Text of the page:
Smallholders improve community livelihoods through sustainable palm oil

Frightening stories about palm oil production causing biodiversity loss, deforestation, violation of labour rights and social conflicts fill our daily news. These stories obscure those examples in which palm oil drives positive social and environmental change and improves the lives of farmers and their communities. These stories are as omnipresent as the negative ones but are seldom heard and told. 

Since 2013, 32 groups of independent smallholders across Indonesia have started producing sustainable palm oil with the support of FORTASBI, Indonesia’s Sustainable Palm Farmers Forum. These farmers sold their palm oil via the Roundtable on Sustainable Palm Oil (RSPO) certification scheme. Earnings were used to improve own agricultural practices but also to serve the local community. This way, farmer communities now benefit from cleaner rivers, reduced fire incidences, or better access to health services. Here we highlight some results of this work.

Cleaner rivers, fewer fires and more ambulance cars

In the past, the river of the Tanjung Jabung Barat District in Sumatra, Indonesia, used to be dirty with few fish living in it. A few years ago, the local farmer cooperative used their earnings from selling sustainable palm oil, to protect the area along the river. Since then, river water quality has improved and the fish population recovered. This benefited the local community, which uses the river for bathing, laundry and fishing.


In South Sumatra, the palm oil farmer group KUD Karya Mulya used to experience frequent fires during the dry season jeopardising the community. In response, the group established a fire prevention team and built a fire warning system using earnings from their sustainable palm oil sales. Since the creation of the prevention team in 2018 no more fires have been recorded in the work areas of the cooperative, even during prolonged droughts.

Similar measures were taken in fire-prone Central Kalimantan, where the farmer group APKSM operates. APKSM members were trained last year to learn how fire hotspots can be monitored. The goal is that all members can anticipate fire hazards in their own fields and deal with it immediately through the Fire Care team.

Firepreventionteam APKSM Central Kalimantan

In a region in North Sumatra, hospital ambulances used to be expensive and poorly available. It was difficult for the community to access the hospital in time in case of emergency. A few years ago, three additional ambulance cars were bought using earnings from sustainable palm oil production. These cars can now be used by the community free of charge, which increased their access to the hospital.


What do these examples have in common?

All three examples play in communities in which cooperatives of independent oil palm smallholder farmers became RSPO certified to produce sustainable palm oil. All three used the earnings from selling sustainable palm oil to improve their community’s well-being.


Independent smallholders struggle to produce sustainably 

Independent smallholders control about 40% of Indonesia’s total palm oil area, but they often have low yields and harvest fruits of poor quality. Because of lack of knowledge about good agricultural practices, lack of access to markets and to supportive institutions and financial and organisational barriers, they struggle to participate in the sustainable palm oil market.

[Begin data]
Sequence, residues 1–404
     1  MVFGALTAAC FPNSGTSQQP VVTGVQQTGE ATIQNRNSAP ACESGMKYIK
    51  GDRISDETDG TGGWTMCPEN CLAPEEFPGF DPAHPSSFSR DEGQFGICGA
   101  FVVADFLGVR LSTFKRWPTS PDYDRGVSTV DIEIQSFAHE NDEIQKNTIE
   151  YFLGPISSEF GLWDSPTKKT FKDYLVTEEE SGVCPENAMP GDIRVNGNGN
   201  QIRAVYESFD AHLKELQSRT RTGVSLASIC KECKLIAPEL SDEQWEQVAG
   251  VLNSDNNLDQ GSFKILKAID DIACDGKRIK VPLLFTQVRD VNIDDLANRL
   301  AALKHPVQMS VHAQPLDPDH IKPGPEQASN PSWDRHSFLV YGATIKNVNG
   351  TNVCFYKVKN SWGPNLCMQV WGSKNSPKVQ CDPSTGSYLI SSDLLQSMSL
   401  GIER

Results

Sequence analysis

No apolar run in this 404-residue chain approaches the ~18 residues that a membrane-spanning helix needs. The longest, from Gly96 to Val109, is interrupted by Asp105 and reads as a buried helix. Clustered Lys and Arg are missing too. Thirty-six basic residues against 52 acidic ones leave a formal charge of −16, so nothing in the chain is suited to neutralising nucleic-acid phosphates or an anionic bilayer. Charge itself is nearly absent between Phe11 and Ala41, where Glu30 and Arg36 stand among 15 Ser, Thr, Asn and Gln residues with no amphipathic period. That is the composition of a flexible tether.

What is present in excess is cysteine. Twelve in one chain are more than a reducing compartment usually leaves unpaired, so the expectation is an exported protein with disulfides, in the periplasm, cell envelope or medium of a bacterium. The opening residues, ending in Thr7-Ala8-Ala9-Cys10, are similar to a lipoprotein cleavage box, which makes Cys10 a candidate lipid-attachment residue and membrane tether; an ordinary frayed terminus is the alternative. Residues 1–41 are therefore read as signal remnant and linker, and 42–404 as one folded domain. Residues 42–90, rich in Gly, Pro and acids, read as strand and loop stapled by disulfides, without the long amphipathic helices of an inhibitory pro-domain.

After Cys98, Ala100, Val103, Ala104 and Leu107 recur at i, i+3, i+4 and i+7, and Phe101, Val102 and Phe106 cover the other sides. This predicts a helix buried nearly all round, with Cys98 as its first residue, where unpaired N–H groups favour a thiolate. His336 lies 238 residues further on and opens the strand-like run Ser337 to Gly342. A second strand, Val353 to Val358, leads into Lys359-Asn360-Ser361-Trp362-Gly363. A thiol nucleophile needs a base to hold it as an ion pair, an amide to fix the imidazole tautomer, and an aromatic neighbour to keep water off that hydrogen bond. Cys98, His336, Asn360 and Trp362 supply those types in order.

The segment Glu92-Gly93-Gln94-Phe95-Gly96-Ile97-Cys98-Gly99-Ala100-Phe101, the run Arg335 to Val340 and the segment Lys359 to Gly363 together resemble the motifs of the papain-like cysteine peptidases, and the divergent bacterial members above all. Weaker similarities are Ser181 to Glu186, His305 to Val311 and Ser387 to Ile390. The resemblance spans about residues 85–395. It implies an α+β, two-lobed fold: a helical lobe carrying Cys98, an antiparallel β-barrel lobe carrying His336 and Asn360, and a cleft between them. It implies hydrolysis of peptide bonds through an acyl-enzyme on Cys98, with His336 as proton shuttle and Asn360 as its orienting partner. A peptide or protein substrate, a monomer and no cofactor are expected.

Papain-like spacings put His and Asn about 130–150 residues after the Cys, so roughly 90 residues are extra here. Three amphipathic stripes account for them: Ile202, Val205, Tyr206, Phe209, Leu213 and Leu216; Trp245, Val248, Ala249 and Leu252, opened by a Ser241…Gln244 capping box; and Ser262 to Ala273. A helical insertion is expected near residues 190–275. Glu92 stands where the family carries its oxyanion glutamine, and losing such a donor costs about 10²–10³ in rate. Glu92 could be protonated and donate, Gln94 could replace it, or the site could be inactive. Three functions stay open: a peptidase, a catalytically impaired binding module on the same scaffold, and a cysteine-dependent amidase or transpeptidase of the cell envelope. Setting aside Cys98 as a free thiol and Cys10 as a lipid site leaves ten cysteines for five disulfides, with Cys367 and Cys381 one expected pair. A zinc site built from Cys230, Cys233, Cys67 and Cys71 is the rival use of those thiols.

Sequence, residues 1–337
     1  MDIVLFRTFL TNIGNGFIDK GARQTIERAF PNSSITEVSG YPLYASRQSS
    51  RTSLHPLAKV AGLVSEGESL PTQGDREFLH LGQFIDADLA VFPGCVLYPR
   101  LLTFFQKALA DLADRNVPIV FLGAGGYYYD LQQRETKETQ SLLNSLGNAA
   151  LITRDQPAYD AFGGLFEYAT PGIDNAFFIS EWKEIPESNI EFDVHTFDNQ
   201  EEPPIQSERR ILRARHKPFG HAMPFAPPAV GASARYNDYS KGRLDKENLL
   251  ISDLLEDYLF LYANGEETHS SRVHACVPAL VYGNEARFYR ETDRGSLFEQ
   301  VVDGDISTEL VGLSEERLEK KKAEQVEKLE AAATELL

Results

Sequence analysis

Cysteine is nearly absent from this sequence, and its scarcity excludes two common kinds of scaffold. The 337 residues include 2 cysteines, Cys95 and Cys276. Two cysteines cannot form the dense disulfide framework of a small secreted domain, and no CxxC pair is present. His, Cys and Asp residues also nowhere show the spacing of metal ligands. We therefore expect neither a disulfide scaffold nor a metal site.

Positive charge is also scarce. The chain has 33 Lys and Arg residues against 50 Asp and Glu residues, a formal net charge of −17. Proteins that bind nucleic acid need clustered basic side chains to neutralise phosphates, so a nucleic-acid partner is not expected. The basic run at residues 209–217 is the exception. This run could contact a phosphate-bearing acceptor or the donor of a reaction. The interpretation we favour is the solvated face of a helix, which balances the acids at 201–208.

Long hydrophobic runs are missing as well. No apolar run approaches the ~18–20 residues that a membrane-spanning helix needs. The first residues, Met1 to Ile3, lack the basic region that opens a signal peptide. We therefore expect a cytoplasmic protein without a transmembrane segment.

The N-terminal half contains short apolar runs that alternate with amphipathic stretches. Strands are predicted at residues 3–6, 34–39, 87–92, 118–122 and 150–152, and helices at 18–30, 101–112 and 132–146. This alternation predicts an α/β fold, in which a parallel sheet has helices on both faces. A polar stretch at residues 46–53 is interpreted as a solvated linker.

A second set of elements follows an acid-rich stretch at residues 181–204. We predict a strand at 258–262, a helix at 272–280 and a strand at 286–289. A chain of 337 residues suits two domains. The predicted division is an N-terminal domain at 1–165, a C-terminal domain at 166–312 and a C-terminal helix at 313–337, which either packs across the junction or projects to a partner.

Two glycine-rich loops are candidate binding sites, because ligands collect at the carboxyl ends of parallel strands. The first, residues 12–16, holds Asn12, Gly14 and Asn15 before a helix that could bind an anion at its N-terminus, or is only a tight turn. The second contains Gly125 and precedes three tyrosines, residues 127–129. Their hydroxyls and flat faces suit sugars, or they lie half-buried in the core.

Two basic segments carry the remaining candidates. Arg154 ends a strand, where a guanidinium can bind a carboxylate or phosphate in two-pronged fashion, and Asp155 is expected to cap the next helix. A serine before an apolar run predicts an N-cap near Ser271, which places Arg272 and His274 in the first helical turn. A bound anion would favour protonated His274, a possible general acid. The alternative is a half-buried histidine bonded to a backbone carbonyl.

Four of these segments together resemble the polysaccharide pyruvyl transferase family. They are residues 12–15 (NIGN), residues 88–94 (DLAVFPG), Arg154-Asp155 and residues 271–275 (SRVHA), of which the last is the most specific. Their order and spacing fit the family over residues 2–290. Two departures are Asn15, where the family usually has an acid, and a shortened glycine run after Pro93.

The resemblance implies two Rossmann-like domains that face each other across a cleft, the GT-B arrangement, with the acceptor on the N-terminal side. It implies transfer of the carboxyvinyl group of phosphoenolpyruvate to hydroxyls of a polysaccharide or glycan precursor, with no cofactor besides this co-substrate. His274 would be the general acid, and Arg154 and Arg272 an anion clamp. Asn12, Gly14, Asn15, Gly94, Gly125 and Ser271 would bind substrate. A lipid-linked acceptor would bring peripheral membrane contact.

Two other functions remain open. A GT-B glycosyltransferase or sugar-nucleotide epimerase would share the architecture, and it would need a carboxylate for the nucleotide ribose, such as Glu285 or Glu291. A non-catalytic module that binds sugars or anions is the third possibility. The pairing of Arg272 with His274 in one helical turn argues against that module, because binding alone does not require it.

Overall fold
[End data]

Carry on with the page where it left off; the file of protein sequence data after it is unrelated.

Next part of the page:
An initiative to connect smallholders to the RSPO certification market

FORTASBI is an initiative that aims to connect independent palm oil smallholder farmers to the global sustainable palm oil market. The initiative supports farmers to improve their cultivation practices and to meet the requirements for RSPO certification. Through FORTASBI’s support, 7,500 farmers managing about 16,000 hectares of land have received RSPO certification since 2014. These farmers, which are part of 32 farmer groups, generate more than 55,000 metric tons of certified palm oil and 6818 metric tons of palm kernel oil annually. 

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Independent smallholder credits to make it work

Independent smallholders usually sell their fruit bunches to the closest mills, but these are often not RSPO certified. For them to still participate in the RSPO supply chain, the independent smallholder (I.S.) credit system has been introduced. Companies purchase I.S. certification credits from FORTASBI farmer groups through the RSPO Book & Claim system. By the beginning of 2020 approximately 1.3 Million USD were earned through I.S. credits. The 32 farmer groups of FORTASBI used their earnings to reinvest in their palm oil business, but also to support their local community and to protect their environment, as the examples above have shown.

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Buying independent smallholder credits can make a difference

The example of FORTASBI’s farmer cooperatives shows: Buying independent smallholder credits through the RSPO can make a real difference on the ground. It provides smallholders and their communities with extra income that can be reinvested in their businesses and the community to improve livelihoods and enable scale success and benefits.

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